4 ways to take care of your mental health during the coronavirus pandemic

Millions in the U.S. and around the world are under stay-at-home orders as officials hope to slow the spread of the coronavirus. But how do those practices affect individuals’ mental health? What are the unique mental health challenges people are facing during the COVID-19 pandemic, and how do they affect health care workers, those living […]

Gutmann receives Advocate of Hope award

David H. Gutmann, MD, PhD, the Donald O. Schnuck Family Professor and vice chair for research affairs in the Department of Neurology at Washington University School of Medicine in St. Louis, has received the Advocate of Hope Award from the national Neurofibromatosis (NF) Network. The NF Network is a nonprofit dedicated to helping people living […]

WashU weekly Neuroscience publications

“Ocular and brain imaging findings in Peters’ anomaly: A case report and literature review” (2020) Radiology Case Reports Ocular and brain imaging findings in Peters’ anomaly: A case report and literature review (2020) Radiology Case Reports, 15 (7), pp. 863-866.  Samara, A.a , Eldaya, R.W.b a Department of Psychiatry, Washington University School of Medicine, 4525 Scott Ave, St. Louis, MO 63110, […]

Baron Chanda, PhD, joins Department of Anesthesiology

The Department of Anesthesiology extends a warm welcome to Baron Chanda, PhD, who has joined Washington University School of Medicine as Professor of Anesthesiology with secondary appointments in the Departments of Biochemistry and Neuroscience. Dr. Chanda comes to the department with a rich research background focused on understanding ion channel function in a physiological context. […]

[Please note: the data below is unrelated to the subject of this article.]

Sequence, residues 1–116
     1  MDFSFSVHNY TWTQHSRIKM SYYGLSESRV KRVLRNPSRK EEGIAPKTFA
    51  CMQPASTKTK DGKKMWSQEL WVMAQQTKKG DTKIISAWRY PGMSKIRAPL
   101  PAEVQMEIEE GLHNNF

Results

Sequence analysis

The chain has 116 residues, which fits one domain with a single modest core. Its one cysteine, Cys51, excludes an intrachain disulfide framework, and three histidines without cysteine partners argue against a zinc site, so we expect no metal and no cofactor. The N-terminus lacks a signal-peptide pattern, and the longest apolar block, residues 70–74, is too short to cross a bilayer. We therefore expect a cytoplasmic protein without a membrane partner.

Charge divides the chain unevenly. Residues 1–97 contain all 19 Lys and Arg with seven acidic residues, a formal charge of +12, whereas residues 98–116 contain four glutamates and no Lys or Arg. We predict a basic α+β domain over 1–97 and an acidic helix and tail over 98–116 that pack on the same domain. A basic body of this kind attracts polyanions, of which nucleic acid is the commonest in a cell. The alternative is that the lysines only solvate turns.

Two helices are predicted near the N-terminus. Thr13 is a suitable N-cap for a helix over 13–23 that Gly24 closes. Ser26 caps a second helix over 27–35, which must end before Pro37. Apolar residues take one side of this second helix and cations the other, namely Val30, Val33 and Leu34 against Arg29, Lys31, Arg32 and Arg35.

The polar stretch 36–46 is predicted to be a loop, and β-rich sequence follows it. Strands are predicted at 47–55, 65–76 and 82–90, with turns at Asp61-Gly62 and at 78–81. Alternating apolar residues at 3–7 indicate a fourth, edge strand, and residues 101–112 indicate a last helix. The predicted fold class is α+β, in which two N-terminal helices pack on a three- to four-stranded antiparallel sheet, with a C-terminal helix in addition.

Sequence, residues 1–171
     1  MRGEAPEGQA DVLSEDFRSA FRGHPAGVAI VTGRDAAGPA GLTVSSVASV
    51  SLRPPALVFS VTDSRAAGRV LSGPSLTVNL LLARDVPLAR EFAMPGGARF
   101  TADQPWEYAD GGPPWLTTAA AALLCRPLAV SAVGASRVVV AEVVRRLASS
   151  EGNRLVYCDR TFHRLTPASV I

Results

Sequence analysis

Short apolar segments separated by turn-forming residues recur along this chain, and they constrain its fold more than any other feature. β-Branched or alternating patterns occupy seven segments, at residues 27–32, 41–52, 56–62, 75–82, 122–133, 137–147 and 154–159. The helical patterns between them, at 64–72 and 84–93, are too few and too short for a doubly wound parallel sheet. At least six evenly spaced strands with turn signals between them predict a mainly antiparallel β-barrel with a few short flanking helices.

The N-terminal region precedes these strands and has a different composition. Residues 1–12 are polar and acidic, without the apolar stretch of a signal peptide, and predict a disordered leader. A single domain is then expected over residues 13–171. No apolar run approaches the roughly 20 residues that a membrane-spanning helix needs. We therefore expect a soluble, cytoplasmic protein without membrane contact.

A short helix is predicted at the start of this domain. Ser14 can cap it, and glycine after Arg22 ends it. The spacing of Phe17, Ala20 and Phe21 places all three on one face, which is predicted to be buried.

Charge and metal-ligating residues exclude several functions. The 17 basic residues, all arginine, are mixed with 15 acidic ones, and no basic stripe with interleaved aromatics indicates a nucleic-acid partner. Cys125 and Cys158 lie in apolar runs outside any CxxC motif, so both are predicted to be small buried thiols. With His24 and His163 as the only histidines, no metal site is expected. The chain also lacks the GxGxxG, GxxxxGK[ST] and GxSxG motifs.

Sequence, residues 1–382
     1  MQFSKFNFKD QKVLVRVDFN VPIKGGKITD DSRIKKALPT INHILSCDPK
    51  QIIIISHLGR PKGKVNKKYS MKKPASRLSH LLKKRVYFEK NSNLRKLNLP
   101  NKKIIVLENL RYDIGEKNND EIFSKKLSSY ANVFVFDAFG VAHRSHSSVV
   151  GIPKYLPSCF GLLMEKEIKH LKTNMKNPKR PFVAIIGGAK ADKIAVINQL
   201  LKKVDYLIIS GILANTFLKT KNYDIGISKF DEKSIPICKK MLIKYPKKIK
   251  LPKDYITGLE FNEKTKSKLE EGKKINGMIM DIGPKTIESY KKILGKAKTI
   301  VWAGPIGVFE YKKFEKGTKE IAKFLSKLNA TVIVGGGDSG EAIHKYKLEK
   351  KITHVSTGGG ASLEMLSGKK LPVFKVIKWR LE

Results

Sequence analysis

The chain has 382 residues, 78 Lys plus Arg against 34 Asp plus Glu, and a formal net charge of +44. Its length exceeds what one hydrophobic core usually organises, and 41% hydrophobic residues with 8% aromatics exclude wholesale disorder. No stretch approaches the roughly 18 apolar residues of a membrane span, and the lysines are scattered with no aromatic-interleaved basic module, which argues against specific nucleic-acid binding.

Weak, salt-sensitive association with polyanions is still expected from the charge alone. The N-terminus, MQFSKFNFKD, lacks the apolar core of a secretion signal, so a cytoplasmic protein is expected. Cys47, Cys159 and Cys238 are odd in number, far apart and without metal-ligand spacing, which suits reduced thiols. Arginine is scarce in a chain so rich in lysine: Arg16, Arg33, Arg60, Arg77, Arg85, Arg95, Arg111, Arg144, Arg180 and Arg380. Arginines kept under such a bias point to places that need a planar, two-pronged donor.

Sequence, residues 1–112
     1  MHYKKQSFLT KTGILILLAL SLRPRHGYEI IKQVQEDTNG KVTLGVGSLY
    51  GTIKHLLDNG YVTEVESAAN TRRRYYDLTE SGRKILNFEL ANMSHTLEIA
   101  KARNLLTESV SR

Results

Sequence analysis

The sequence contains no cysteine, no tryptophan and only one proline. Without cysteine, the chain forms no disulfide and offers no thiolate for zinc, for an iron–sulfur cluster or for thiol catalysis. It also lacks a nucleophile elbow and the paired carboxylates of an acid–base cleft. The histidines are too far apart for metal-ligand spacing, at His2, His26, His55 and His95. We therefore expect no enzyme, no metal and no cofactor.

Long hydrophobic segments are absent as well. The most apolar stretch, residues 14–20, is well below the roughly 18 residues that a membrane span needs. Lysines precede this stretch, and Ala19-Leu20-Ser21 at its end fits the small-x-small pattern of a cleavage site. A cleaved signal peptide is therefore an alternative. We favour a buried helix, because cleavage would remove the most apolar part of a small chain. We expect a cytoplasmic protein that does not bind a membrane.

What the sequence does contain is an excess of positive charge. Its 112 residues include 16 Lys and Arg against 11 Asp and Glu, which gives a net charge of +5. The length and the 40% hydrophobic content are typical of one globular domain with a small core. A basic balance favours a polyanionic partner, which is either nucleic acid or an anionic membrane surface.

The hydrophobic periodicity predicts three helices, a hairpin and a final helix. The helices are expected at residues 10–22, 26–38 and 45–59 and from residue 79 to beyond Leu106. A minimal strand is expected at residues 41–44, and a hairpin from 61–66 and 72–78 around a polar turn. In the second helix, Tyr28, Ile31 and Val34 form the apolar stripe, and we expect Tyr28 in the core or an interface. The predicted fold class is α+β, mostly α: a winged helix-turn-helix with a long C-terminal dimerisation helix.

New targets for childhood brain tumors identified

Children with the genetic condition neurofibromatosis type 1 (NF1) can develop brain and nerve tumors. If a tumor develops within the optic nerve, which connects the eye and the brain, the child may lose his or her vision. New research at Washington University School of Medicine in St. Louis indicates that the growth of these […]

Manasvi Verma wins 2020 Spector Prize

Manasvi Verma, a senior majoring in biology in Arts & Sciences at Washington University in St. Louis, has been awarded the 2020 Spector Prize. Each year, the Department of Biology in Arts & Sciences at Washington University in St. Louis awards a prize to a graduating senior in memory of Marion Smith Spector, a 1938 […]

Potential biomarker for autism identified in infants

Researchers at Washington University School of Medicine in St. Louis and Stanford University have identified a biomarker in newborns that may signal autism spectrum disorder months or even years before troubling symptoms develop and such diagnoses typically are made. The researchers found that babies diagnosed with autism later in childhood had in their cerebrospinal fluid, […]